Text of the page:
Former U.S Senator John E. Sununu wrote a newspaper column describing the Apple tax situation. According to the Senator, Apple was not responsible for the international tax strategy used to avoid the American taxes. In fact, he blamed the United States Congress for not dealing with the tax issue as it should.
The former politician accused the members of the U.S. Senate Permanent Subcommittee on Investigations for charging Apple on taxes when the company is following the laws as written. Sununu suggests the fact that the Congress is responsible for originally writing the laws and that it has failed to update them to solve all these problems.
In this case, companies such as Apple are taking their funds overseas. Other major American companies such as Google and Yahoo followed Apple’s international tax strategy, and they sheltered their subsidiaries in Ireland, in order to avoid paying U.S taxes. Others have gone even further than Apple with holdings in Caribbean islands, or bank accounts in the Cayman Islands.
A few days ago, Apple’ CEO Tim Cook was called before the subcommittee in order to explain why Apple owns more than $10 billion in cash overseas. Most of that money is kept through subsidiaries in Ireland. This fact allowed Apple to avoid other billions of dollars in repatriation taxes when those funds returned to the U.S.
In order better understand the situation, here is a recent status of the repatriation tax. The current tax rate for bringing overseas cash back to the United States is 35 percent, which is one of the highest rates of this kind in the world. When Cook was summoned to answer the subcommittee, the chief executive argued that the U.S. tax code needs a dramatic revision in order to fix this problem and to avoid other ones.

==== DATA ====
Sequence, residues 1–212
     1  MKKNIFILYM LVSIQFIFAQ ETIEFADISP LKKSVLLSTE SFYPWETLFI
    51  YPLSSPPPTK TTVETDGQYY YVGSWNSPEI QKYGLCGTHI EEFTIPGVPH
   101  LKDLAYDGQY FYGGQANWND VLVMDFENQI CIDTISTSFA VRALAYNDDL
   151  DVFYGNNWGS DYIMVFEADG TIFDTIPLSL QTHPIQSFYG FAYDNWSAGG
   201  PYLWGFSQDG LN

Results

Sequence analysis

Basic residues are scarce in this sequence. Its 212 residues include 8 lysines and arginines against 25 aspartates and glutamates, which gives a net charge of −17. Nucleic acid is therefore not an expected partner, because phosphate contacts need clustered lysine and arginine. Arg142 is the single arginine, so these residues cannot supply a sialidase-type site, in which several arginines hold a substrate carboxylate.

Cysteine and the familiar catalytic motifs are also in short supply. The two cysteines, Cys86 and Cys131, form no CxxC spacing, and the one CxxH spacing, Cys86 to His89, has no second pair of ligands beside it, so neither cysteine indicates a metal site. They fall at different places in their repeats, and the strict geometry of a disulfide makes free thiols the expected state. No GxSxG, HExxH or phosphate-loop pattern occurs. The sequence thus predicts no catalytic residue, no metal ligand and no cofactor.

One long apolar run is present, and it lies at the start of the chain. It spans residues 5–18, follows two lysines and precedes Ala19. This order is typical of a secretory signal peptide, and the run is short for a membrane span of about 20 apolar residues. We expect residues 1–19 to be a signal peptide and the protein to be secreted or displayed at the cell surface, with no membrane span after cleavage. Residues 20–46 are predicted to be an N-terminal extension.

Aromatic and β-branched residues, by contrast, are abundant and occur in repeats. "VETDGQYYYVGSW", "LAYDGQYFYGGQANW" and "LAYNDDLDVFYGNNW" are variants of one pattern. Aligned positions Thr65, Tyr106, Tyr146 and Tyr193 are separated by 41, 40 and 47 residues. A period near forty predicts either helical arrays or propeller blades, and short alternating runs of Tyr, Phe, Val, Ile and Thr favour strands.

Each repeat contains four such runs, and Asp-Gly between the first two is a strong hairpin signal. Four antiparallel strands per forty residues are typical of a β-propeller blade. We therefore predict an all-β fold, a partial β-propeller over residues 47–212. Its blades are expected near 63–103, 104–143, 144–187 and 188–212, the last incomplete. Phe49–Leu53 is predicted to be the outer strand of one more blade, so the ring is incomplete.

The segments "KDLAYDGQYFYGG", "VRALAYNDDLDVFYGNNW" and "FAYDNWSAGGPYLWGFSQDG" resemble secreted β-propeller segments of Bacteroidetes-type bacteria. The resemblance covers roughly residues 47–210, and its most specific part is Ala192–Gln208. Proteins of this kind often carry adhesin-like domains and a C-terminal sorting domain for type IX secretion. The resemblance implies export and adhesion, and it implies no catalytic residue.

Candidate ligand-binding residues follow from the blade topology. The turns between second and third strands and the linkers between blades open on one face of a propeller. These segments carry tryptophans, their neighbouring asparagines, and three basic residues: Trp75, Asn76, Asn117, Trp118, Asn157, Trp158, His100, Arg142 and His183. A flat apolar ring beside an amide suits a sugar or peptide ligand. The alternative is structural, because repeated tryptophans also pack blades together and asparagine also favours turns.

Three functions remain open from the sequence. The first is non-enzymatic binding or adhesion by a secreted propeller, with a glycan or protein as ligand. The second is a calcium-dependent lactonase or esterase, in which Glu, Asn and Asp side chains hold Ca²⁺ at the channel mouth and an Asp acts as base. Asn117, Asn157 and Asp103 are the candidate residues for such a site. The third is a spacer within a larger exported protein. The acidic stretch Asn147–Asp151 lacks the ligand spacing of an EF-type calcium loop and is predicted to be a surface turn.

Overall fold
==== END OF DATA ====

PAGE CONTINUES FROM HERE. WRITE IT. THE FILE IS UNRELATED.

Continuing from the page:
As Sununu wrote within his article, Cook dealt with the situation far better that he was expected to do. “When you employ 60,000 workers in the United States” it is easier to be blunt”, argued Sununu. It is worth mentioning the way Cook opened its defense speech: “We pay all the taxes we owe – every single dollar”.
The confidence Cook showed within the plea represented a great advantage for the Cupertino-based company. “A defensive posture makes people think you have something to hide,” said Sununu. Compared to Cook, the IRS managers used the Fifth Amendment before the Congress the next day.
While some blamed Apple for cheating on the U.S Government by avoiding paying its taxes, others felt that they should defend the tech giant. U.S Senator Rand Paul who served the Senate committee that questioned Apple’ CEO criticized its colleagues for “bullying” a successful American Company when it has broken no laws.